Crimson Peak is one of the most beautifully crafted visual experiences I’ve had in a movie theater in a while. Guillermo del Toro certainly knows how to put together beautiful imagery, whether it’s a fantasy masterpiece like “Pan’s Labyrinth” or a comic book adaptation like “Hellboy.” His movies are amazing to just *look* at, and what’s more — he knows how to pull you into a deep narrative that refuses to let go. His touch is even apparent on movies he only had a hand in helping to produce, like “Mama” and “The Orphanage.” With Crimson Peak, he returns to the writer, director and producer’s chair, and masterfully gives us color and wonder and fantasy in a period piece that’s not quite what you expect it to be.
Set just before the turn of the 20th century, Crimson Peak presents Edith Cushing (Mia Wasikowska, “Only Lovers Left Alive”), a writer trying to be taken seriously and published by Atlantic Monthly. She writes ghost stories based on her own experiences as a child — at ten, she lost her mother to black cholera and was visited by her mother’s dark spirit and warned to “Beware of Crimson Peak.” In voiceover, Edith tells us that ghosts truly do exist, and that later in life, she discovered she was too late to heed her mother’s warning.
As an adult, she meets the dashing Sir Thomas Sharpe (Tom Hiddleston, “Thor: The Dark World”) and is swept off her feet by his intensity and charm. Their courtship is, at first, broken by her father’s disapproval and his sister, Lucille’s (Jessica Chastain, “A Most Violent Year”) mistrust, but they are shortly thereafter brought together in the face of tragedy. Edith and her new husband move to his ancestral home in England, and she learns to live in a dilapidated, yet remarkable palace situated on a mountain above a clay mine. The elements have taken their toll on Allerdale Hall, which boasts a perpetual cascade of leaves through the hole in the roof and rotten wood floors and walls that bleed red clay. Warned not to wander into certain dangerous sections of the house, Edith learns more about Thomas’s and Lucille’s childhood and discovers that ghosts haunt their history as well, and are trying to share their dark secrets with her.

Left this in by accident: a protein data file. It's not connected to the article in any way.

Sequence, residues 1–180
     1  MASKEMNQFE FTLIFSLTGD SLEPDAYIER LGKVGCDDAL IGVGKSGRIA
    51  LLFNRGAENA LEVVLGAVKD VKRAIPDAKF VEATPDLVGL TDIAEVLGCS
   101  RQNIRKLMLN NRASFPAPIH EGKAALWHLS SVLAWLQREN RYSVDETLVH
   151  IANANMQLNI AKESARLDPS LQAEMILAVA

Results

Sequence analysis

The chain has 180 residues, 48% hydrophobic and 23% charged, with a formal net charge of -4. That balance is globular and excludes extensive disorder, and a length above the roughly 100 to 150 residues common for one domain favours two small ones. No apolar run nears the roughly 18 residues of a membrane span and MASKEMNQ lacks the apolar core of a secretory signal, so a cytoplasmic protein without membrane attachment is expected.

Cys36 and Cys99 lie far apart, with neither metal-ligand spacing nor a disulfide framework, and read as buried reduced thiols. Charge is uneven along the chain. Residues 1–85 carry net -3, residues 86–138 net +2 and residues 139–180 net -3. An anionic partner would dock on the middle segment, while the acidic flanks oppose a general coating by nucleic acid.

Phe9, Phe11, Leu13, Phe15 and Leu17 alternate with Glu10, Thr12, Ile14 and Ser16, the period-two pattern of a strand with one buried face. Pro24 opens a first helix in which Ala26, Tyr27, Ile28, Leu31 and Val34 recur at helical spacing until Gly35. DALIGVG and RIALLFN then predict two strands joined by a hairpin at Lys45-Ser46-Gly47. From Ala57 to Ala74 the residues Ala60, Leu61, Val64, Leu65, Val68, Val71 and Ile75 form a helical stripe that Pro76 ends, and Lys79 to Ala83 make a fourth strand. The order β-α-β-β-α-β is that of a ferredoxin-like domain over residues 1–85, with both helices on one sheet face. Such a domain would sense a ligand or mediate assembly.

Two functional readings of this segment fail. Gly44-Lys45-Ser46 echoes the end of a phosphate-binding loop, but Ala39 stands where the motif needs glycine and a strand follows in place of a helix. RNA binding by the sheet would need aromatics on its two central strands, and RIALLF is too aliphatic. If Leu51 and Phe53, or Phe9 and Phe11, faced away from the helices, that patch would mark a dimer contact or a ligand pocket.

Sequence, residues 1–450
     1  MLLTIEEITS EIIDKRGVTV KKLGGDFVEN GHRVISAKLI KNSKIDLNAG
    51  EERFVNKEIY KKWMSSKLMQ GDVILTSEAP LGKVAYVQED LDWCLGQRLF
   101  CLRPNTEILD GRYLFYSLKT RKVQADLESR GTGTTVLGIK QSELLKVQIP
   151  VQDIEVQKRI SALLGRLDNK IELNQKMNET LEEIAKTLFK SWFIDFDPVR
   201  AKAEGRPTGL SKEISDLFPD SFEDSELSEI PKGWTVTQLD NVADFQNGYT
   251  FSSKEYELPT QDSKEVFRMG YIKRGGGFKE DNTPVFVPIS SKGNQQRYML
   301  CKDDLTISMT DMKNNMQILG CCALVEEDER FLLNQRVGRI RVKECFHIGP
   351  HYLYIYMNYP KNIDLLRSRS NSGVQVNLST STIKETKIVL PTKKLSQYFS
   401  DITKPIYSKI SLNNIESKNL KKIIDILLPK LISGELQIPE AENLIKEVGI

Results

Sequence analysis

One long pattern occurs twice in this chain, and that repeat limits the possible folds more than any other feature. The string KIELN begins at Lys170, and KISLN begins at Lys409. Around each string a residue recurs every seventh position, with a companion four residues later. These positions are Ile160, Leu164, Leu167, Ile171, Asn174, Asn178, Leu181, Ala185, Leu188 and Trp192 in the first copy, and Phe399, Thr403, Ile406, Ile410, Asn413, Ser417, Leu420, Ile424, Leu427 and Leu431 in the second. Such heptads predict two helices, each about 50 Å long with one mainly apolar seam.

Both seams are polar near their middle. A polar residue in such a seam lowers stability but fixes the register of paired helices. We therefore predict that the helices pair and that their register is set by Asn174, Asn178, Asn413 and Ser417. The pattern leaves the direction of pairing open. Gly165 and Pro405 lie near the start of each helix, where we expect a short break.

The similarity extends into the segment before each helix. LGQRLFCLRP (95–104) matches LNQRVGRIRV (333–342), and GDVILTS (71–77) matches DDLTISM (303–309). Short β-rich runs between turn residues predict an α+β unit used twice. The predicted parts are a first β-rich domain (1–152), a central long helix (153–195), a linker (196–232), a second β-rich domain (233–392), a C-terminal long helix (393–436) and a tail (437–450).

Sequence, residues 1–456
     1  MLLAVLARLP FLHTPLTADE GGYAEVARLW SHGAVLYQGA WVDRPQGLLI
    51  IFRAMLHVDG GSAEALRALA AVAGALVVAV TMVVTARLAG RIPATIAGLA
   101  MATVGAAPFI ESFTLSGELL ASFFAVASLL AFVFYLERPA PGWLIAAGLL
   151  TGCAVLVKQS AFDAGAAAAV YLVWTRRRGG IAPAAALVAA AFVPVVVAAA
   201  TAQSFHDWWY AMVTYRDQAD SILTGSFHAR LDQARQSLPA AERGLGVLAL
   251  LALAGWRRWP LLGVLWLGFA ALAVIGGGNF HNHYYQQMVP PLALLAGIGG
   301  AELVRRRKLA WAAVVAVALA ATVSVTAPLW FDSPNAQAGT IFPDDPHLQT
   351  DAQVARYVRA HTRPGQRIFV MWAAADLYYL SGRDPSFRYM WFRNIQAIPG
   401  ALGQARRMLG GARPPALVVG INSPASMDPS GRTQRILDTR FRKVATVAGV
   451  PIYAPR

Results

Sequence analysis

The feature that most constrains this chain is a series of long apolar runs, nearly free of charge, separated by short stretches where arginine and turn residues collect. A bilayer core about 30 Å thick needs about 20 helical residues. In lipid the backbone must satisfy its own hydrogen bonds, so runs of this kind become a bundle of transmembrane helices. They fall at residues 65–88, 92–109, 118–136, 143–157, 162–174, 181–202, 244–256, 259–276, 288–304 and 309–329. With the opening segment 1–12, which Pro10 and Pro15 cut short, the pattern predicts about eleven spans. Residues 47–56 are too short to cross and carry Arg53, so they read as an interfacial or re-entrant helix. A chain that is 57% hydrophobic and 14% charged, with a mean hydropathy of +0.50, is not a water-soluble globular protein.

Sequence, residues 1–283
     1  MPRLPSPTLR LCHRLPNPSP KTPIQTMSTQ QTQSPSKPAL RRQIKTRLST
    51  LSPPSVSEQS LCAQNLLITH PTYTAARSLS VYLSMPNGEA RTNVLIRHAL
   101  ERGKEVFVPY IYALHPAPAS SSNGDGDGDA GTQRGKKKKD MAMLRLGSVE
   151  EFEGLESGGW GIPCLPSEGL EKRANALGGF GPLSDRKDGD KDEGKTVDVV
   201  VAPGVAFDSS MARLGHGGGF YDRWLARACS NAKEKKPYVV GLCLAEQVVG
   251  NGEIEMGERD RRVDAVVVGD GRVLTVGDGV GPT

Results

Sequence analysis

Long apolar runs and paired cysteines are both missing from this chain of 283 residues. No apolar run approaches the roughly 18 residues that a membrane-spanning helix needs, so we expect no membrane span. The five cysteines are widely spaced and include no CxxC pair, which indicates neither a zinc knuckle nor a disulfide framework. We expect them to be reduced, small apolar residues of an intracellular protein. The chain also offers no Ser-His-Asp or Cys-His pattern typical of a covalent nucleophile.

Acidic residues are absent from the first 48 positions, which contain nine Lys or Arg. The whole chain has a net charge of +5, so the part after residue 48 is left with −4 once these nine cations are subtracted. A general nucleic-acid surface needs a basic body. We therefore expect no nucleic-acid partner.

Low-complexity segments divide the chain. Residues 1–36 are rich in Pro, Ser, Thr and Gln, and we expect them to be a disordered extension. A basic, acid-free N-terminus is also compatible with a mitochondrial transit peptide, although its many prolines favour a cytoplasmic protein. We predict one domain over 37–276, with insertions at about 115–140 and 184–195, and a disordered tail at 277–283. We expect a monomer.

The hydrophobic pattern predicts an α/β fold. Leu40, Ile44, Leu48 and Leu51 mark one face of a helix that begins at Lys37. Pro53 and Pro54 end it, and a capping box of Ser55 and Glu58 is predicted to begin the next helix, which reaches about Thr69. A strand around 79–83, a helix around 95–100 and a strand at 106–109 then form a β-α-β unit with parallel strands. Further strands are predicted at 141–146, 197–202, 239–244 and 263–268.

Arguably mis-advertised as a tale of a haunted house of horrors, Crimson Peak is instead a classic Victorian Gothic romance, which might be incongruous to some casual moviegoers. The costume and set design are darkly beautiful, with a particular focus on primary colors such as crimson (obviously), golden yellow, and deep royal blue. Paired with Wasikowska’s pale countenance and the falling England snow, these colors burst off the screen in contrast to the shadowy Allerdale Hall. In keeping with the Victorian Gothic theme, the characterizations by Hiddleston, Chastain, and Wasikowska are hauntingly brilliant — Chastain, especially, evokes an unnerving suspicion from viewers. Mrs. Danvers from the film “Rebecca” comes to mind as a parallel to Lucille’s extreme devotion to her brother. Lucille quietly, menacingly, lurks in the shadows, and her subtle control over Thomas is deeply powerful. At the same time, Hiddleston’s classic Victorian gentleman is captivating in his courtship of simultaneously strong, yet demure, Edith, and she is easily pulled into the Sharpes’ mysterious lives as the classic Gothic damsel in distress.
Unfortunately, the scares in Crimson Peak aren’t the type to stay with you after the film has ended — they won’t even get much of a jump out of you in the theater; the CGI spirits were distracting and surprisingly comical in some scenes. The further into the film you go, the goofier the spirit visuals become. Additionally, the mystery Edith faces is somewhat predictable, but it could simply be my experience with Victorian Gothic that makes the surprises of the film less effective.
Regardless of all of that, however, what’s important here is that Guillermo del Toro and co-writer Matthew Robbins have crafted an evocative masterpiece. One that will hopefully bring some new appreciation to some classic Gothic themes, even despite the lack of the ubiquitous cheesy jump scares of modern horror within.